On Black Characters and the Cost of Diversity

michael-b-jordan-fantastic-four-e1392904953390As you likely already know, Michael B. Jordan will play the Human Torch in the new Fantastic Four film, slated for release on June 19, 2015. This casting decision was met with its fair share of outcry, because Johnny Storm is understood to be a White character, and Michael B. Jordan is clearly African-American. I think it would be easy to write it off as just another instance of fans of a very White and very male industry being a very White and male kind of racist. But there are deeper questions about misunderstanding of the role of diversity in artistic representation. During my tenure at this blog, I’ve written a fair amount about race and representation in the geek world, not just in comics, but also in video games, and theatre. I’ll be honest, I’ve found a dearth of good arguments against increasing the level of racial diversity in geek culture. Once more, with feeling: brown kids deserve more brown superheroes. Most counter-arguments to that notion are vapid, disingenuous, or just plain racist, like “most people won’t be able to relate to that character if his race is changed/is nonwhite”. There’s a comic over at Critical Miss that sums it up perfectly:

People can identify with Fox McCloud and he’s a bipedal fox. But a dude with darker skin is somehow too alien? What is that if not [racism]?

Arguments like this one are easily, and hilariously, dismissed (seriously, go read that comic). But every once in a while, a more seductive argument against diversity of representation pops up. It usually goes something like: “Why is it okay to change the race of [x], who is White, but not okay to change [y], who is a POC, to a White character?” The argument relies on a rather misguided sense of absolute equality, among myriad other problems. It’s probably easier to get traction on such an issue if we phrase it in terms of concrete examples.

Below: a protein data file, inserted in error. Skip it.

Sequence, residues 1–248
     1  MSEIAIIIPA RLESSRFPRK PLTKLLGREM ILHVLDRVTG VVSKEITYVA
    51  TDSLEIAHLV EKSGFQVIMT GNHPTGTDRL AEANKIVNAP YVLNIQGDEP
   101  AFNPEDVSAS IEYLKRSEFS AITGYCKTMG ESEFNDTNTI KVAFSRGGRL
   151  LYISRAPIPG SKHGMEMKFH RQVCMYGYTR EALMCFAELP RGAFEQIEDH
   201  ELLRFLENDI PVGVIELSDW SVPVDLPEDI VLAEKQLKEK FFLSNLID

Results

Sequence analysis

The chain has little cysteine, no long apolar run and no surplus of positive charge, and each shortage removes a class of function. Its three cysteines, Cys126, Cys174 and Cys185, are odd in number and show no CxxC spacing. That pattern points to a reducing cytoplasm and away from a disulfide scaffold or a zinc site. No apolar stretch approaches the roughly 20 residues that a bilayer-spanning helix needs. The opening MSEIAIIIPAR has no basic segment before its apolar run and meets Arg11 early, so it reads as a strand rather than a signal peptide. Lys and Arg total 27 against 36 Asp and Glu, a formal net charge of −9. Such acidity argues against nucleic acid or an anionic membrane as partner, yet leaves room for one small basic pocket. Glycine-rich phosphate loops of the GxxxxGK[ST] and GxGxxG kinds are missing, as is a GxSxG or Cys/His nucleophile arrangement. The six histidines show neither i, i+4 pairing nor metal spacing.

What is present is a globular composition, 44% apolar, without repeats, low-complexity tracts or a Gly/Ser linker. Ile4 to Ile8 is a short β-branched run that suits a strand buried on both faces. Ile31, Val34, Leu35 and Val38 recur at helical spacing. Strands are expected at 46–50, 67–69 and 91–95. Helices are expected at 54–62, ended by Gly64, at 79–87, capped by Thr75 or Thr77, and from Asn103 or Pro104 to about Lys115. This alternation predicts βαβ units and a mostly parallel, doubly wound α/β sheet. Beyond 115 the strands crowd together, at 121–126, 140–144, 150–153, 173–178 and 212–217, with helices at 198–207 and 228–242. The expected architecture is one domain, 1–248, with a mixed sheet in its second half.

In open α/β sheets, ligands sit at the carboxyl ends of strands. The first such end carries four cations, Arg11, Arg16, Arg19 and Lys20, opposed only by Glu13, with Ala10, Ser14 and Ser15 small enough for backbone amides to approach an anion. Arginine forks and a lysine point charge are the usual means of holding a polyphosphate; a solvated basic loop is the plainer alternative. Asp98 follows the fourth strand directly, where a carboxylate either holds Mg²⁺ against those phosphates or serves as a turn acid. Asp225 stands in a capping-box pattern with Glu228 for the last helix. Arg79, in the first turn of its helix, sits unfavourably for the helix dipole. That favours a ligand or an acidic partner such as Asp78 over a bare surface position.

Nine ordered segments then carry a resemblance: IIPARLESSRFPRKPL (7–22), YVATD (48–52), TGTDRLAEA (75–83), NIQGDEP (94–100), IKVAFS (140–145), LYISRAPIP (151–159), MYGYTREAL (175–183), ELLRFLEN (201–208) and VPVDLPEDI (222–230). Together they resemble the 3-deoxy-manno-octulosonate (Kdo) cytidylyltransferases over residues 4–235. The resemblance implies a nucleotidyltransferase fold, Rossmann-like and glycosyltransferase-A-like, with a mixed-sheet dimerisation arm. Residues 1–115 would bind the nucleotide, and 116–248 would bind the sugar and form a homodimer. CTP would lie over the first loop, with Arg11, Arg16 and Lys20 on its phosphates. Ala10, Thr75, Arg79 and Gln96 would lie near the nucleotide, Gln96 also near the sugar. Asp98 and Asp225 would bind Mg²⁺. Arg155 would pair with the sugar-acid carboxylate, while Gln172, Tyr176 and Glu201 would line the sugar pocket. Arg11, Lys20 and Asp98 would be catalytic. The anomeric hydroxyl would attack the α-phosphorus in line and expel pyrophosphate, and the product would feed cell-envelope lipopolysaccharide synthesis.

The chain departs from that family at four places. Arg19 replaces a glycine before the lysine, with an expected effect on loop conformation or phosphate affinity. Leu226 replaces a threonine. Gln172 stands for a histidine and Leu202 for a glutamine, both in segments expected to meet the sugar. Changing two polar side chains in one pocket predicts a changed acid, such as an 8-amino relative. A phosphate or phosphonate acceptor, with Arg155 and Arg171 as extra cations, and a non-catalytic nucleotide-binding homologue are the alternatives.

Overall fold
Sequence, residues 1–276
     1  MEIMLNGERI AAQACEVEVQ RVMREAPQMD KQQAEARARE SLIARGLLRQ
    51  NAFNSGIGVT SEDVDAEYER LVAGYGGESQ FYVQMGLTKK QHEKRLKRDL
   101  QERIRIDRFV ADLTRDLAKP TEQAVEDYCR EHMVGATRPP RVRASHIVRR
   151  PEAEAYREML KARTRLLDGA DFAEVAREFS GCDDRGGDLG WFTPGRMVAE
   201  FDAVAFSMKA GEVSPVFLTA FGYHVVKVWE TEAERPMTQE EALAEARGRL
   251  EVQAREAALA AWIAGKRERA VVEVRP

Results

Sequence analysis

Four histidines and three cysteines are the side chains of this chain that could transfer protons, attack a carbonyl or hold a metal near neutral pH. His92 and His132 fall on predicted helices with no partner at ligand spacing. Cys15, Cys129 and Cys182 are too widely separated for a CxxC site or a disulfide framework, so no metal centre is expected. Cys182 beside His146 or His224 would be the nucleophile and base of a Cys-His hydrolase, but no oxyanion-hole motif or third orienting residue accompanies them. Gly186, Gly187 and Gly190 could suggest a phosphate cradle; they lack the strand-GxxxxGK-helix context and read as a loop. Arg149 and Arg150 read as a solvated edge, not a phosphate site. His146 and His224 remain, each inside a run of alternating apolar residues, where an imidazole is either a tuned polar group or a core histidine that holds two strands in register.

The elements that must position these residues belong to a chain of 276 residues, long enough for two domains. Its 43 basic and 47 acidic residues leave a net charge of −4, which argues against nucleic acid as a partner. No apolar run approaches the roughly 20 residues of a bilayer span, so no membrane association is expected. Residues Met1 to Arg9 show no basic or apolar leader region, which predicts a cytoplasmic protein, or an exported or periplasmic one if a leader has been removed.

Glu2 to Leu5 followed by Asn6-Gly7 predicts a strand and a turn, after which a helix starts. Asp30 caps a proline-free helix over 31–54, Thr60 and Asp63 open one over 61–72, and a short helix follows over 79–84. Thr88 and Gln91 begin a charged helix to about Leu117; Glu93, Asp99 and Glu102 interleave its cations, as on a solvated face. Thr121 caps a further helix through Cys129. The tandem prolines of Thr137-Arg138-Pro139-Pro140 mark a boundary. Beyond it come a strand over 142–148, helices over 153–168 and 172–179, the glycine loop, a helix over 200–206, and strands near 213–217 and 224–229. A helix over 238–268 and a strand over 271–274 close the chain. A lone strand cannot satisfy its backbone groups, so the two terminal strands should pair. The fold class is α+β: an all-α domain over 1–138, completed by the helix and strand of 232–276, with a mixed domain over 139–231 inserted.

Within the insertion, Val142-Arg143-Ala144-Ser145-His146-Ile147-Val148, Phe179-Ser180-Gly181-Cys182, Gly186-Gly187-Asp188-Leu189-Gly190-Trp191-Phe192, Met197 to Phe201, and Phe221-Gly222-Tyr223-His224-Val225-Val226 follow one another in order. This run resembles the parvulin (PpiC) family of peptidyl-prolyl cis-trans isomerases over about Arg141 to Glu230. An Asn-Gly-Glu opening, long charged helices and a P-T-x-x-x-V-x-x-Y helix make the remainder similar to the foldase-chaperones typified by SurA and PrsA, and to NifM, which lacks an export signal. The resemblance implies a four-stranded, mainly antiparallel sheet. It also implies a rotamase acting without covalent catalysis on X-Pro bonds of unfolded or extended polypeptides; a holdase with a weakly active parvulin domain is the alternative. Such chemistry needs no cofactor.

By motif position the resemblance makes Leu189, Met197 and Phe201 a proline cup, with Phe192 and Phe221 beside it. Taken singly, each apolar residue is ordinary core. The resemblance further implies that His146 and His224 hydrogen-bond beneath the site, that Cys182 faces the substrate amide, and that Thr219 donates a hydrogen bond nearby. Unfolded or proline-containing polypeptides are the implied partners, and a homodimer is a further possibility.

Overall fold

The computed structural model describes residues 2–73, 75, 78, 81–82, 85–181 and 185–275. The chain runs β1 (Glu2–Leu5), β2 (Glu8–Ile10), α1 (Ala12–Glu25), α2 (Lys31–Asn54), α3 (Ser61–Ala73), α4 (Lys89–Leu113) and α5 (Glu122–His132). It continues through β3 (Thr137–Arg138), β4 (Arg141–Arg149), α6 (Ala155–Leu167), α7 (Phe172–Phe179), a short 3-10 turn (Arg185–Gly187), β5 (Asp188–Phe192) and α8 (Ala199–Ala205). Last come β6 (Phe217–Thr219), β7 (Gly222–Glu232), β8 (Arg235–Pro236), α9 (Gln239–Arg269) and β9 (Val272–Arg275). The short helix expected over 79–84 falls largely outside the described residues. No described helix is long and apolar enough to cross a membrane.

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Penny Arcade Expo and “Zoo” Diversity


Geek culture is a beautiful thing, and terrible. In that way it is kind of like Galadriel. It is also very, very white. In that way it is also like Galadriel. Unlike Galadriel, it is not very female. In all seriousness, one of the things that geek culture struggles with most is being inclusive and diverse, on pretty much every axis. We have serious problems with the most 101-level diversity stuff.NRGfCLT Don’t buy that? Donald Glover couldn’t even suggest a film with a black Spider-Man without people freaking out and calling him ‘nigger’ for trying to “take Peter Parker from [them],” even though black Spider Man is already a thing. A woman can’t even suggest that GTA V might be sexist (who would have guessed that?) without receiving awful transphobic comments and threats. We, as a community, stumble on the most basic race/gender stuff. Class/ableism seems to elude us entirely. I don’t want to ignore or diminish all the great parts of our community that are actively doing something about that and representing in fantastic ways, but when I step back and look at all of our failures in that arena, I get pretty sad. Continue reading

Theatre Thursdays: Location, Location, Location


Gentle readers, I’d like to tell you a story. I work managing a theatre company that primarily produces works of what might be called “multicultural theatre.” What that means is that we basically do plays about people of color and that makes us somehow a special class of theatre, though mainstream theatres aren’t called “white theatres” for staging seasons that are either entirely white, or all-but. I’d be angrier about this, but it does mean that there are specific grants for which we can apply, and non-profits need grants to run. You take the good with the bad, I guess.